I’ve been teaching yoga for over five years, and I practice about five times a week. I can’t imagine not practicing yoga. I know the impact that yoga has on my body and life. I feel achy and cranky when I miss a day of practice. As a teacher, I want everyone to feel better through yoga, but I know that there are concerns, misconceptions, and just plain old excuses that hold people back. When a current or prospective students tells me one of the following reasons for not practicing yoga, here’s what I have to say.
I’m not flexible. Many people think that you have to be flexible to practice yoga. But, yoga postures are not designed to help you contort your body like a Cirque de Soleil performer. In fact, yoga should help you become straighter, longer, and leaner–creating clean lines in the body rather than more bends and curves. Don’t you already bend over your computer all day long? If you practice consistently, you will become more flexible as you find more lightness and openness in your body. But flexibility is not a prerequisite for practicing yoga, nor is it a goal of the practice.
My balance is no good anymore. Sure, our balance changes as we age. And it’s true that many of the postures you’ll do in yoga will challenge your balance. But very few of us have truly lost our balance. We may have to work a bit harder to find it, but yoga trains the body to move from a very stable core. In addition, you will learn to use muscles that you never realized you had to support your balance. In doing so, you will compensate for differences in the mass and strength of larger muscles, and find ways to use your whole body to support movement and stability.
I took a yoga class once and I didn’t like it. I meet some people who have taken one or two classes (sometimes decades ago), or who popped a DVD into their player and followed along. And they have concluded that they don’t like yoga. (I have to confess that I hated yoga for the first few times I tried it.) But there are so many types of yoga…power, vinyasa, Ashtanga, restorative, Iyengar, Bikram…to name just a few. And there are probably over a hundred different yoga teachers in the Lansing Michigan area alone. Each type of yoga is different. Each teacher is different. It usually takes more than one or two classes to find a style or teacher who fits your needs and personality.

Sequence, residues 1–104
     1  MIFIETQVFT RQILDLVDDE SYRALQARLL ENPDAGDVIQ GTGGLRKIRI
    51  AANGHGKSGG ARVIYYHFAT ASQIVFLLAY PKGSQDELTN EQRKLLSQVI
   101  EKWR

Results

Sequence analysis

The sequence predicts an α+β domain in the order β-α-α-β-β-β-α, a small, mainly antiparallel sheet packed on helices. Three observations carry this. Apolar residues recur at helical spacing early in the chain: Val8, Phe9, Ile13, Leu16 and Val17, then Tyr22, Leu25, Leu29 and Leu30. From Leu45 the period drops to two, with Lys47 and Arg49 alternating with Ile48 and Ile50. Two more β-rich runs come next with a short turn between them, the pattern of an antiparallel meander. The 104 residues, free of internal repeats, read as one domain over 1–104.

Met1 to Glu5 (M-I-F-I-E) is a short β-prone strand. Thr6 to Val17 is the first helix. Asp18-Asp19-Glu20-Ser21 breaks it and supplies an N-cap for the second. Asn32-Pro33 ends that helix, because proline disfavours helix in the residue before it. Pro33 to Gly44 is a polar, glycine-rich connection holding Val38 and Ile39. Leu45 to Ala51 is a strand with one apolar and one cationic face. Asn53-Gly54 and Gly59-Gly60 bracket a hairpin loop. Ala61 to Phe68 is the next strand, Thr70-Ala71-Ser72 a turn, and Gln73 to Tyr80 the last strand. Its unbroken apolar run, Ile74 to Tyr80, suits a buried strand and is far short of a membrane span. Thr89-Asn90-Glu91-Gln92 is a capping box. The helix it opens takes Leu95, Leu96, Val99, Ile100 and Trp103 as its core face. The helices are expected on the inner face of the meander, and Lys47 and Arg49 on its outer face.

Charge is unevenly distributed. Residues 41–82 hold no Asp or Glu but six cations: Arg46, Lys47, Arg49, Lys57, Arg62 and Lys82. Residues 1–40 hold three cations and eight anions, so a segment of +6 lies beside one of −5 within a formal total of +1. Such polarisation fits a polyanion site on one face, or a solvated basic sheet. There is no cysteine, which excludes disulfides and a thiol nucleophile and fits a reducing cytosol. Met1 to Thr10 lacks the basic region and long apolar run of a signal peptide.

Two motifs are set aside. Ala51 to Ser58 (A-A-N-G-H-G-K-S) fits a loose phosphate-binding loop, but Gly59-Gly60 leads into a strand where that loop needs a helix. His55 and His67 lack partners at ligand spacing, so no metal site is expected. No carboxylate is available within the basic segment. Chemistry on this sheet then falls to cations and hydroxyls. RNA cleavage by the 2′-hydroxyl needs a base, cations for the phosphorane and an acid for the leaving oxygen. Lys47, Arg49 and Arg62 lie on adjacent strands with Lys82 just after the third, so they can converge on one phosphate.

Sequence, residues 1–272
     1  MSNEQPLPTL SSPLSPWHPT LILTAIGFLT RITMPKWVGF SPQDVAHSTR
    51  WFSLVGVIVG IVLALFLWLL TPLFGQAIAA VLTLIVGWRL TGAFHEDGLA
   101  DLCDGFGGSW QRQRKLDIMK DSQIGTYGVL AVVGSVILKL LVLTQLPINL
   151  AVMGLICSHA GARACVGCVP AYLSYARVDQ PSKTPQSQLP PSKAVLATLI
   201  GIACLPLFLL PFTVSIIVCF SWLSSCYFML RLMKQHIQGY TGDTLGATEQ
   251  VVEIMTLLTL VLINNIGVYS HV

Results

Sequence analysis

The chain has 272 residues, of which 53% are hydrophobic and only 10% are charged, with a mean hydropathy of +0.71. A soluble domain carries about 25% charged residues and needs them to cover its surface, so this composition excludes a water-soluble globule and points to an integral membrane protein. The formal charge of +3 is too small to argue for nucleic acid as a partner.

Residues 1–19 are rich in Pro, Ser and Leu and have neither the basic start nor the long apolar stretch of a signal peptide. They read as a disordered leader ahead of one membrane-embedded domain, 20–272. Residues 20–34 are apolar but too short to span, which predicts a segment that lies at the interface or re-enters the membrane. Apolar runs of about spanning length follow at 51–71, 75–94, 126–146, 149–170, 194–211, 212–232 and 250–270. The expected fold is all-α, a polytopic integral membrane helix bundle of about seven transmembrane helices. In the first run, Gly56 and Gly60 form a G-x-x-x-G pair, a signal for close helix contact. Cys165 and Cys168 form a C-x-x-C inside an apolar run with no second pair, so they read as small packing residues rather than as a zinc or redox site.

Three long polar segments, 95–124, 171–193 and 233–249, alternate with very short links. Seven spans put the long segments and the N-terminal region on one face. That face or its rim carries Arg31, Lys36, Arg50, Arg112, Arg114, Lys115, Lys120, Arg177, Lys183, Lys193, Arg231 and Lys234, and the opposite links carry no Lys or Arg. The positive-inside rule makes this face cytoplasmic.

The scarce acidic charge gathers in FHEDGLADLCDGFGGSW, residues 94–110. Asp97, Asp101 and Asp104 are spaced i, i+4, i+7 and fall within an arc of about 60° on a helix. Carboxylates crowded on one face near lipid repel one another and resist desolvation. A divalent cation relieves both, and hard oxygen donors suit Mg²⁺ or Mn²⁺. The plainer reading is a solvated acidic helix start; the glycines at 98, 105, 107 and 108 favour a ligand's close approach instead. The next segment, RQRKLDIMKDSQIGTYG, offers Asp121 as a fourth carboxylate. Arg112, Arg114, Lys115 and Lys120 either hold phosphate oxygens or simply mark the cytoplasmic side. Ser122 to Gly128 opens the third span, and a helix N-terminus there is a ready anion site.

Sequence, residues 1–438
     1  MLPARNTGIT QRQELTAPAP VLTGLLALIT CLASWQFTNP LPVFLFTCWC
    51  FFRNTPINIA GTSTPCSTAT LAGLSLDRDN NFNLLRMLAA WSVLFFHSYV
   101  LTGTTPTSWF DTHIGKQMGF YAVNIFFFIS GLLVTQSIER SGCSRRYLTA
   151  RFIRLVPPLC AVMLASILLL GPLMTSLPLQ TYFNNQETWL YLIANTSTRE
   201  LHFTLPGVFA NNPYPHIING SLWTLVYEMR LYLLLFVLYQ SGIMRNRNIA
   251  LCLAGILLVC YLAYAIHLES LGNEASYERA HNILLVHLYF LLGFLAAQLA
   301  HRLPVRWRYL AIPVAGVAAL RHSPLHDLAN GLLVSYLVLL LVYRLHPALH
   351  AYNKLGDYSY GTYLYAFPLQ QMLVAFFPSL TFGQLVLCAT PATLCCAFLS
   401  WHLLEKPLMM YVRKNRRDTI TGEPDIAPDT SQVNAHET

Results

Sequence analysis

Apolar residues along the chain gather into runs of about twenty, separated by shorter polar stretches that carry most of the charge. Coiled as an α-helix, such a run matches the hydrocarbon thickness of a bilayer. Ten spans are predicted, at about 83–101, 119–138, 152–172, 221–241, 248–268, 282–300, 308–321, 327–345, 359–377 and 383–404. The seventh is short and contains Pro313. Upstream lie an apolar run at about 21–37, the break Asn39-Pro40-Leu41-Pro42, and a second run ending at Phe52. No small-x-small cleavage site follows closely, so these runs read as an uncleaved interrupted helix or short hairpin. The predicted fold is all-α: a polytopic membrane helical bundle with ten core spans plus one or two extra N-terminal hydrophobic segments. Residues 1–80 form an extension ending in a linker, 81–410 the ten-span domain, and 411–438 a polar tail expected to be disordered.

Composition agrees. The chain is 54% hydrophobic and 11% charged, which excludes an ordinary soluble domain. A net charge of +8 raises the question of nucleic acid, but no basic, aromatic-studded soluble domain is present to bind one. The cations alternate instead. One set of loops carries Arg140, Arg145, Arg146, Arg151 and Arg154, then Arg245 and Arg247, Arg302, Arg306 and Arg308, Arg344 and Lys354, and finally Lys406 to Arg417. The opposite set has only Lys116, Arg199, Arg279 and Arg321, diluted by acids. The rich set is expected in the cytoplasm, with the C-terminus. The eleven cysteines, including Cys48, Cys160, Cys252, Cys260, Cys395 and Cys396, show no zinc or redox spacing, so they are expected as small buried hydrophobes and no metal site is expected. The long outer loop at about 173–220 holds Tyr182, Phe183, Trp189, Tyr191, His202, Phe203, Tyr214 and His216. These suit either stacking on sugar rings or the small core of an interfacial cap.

Yoga is too easy/hard. Yoga is as easy or hard as you want it to be. Yoga teaches you to move in a connected and mindful way. It teaches you to respect your own body and find your own edge. That edge is different for each of us. And it changes from time to time. Some days yoga will feel like the hardest, sweatiest thing you have done in a long, long time. Other times yoga will feel sweet, soft, and light. In large part, it’s up to you. By suggesting many different ways to practice a posture, and by making sure your body is in good alignment, an experienced yoga teacher will help you find your edge, and help you adapt your practice to what you need and want from it.
I want to lose weight, so I’d rather spend my time in the gym. It’s probably true; the workouts you’ll get with a skilled trainer will have a more direct impact on weight loss than a yoga practice will. But, yoga has a powerful indirect impact on weight loss. Yoga makes you much more mindful about all things—including what you eat. If you practice regularly, you’ll become more attuned to your body, and you’ll want to eat better out of respect for yourself. I have struggled with my weight for years, and becoming a member of State of Fitness helped me turn a corner. But the most powerful influence on my ability to lose weight was what I learned in yoga—which was to accept my body and treat myself with kindness. Until I learned those lessons, I don’t think I would have lost more than a few pounds.
Yoga is too weird for me. Traditional yoga is multi-faceted and speaks to mind, body, and spirit. The mind and spirit part is uncomfortable to some people. And that’s OK. Yoga is not a religion; you don’t have to believe in the whole system of yoga to benefit from a yoga practice. You can come to yoga to focus on moving your body and ignore the other aspects and traditions. I predict, however, that if you keep coming to your mat, one day you will become curious about what else yoga has to offer.
So now you know. If you have used any of these excuses to avoid practicing yoga, what are you waiting for? Find a good studio; one where teachers are well trained and make you feel comfortable. When I travel, I find that studios that offer teacher training programs are often the best choices. Find a teacher who focuses on alignment and safety in the physical practice. And talk to your teachers. Tell them about any concerns you have with your body or with your practice. Whether you’re an elite athlete or a person who’s looking to take up healthier habits, get on your mat and into the studio. Try it for a month, and let me know how you feel.
Watch for my next blog post, where I’ll explore how yoga complements strength training and conditioning.